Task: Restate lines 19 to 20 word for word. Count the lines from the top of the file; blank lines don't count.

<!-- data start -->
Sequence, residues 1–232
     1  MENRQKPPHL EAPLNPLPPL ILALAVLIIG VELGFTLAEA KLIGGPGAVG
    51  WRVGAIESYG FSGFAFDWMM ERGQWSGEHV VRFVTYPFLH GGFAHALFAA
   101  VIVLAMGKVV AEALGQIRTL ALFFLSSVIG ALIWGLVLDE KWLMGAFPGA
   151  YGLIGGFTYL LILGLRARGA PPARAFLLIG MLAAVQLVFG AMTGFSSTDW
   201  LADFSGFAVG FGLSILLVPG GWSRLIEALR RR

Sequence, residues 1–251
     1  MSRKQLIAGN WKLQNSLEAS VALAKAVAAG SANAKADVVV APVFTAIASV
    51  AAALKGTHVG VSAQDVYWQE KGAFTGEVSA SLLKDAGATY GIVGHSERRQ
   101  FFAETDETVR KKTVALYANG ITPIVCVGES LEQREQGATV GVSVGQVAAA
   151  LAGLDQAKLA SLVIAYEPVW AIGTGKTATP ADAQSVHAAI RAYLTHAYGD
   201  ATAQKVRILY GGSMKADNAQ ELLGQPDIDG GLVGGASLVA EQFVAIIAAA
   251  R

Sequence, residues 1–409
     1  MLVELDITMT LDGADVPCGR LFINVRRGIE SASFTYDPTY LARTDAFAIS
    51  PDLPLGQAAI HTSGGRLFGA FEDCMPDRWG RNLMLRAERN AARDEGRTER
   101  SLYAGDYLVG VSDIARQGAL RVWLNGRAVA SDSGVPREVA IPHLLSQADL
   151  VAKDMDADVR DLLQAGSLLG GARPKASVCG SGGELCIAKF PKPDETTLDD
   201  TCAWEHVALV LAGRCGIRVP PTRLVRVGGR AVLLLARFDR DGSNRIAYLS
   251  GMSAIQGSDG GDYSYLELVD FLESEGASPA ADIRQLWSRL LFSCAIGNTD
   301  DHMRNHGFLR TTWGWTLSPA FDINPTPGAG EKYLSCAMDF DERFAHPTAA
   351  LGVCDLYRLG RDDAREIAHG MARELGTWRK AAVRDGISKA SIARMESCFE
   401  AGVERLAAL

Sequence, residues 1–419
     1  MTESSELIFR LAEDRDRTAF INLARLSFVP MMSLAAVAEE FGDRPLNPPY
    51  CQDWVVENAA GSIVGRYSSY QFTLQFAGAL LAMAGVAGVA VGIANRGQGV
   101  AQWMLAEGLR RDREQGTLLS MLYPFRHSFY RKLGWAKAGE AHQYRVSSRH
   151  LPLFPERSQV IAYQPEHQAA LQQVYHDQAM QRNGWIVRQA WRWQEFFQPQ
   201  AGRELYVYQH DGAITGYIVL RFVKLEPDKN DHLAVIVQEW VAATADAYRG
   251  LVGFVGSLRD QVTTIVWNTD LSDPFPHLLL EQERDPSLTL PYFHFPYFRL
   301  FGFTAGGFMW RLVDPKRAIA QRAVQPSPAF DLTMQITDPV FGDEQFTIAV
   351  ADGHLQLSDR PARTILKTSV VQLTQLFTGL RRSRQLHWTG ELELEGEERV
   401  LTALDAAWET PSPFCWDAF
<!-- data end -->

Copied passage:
   201  TCAWEHVALV LAGRCGIRVP PTRLVRVGGR AVLLLARFDR DGSNRIAYLS
   251  GMSAIQGSDG GDYSYLELVD FLESEGASPA ADIRQLWSRL LFSCAIGNTD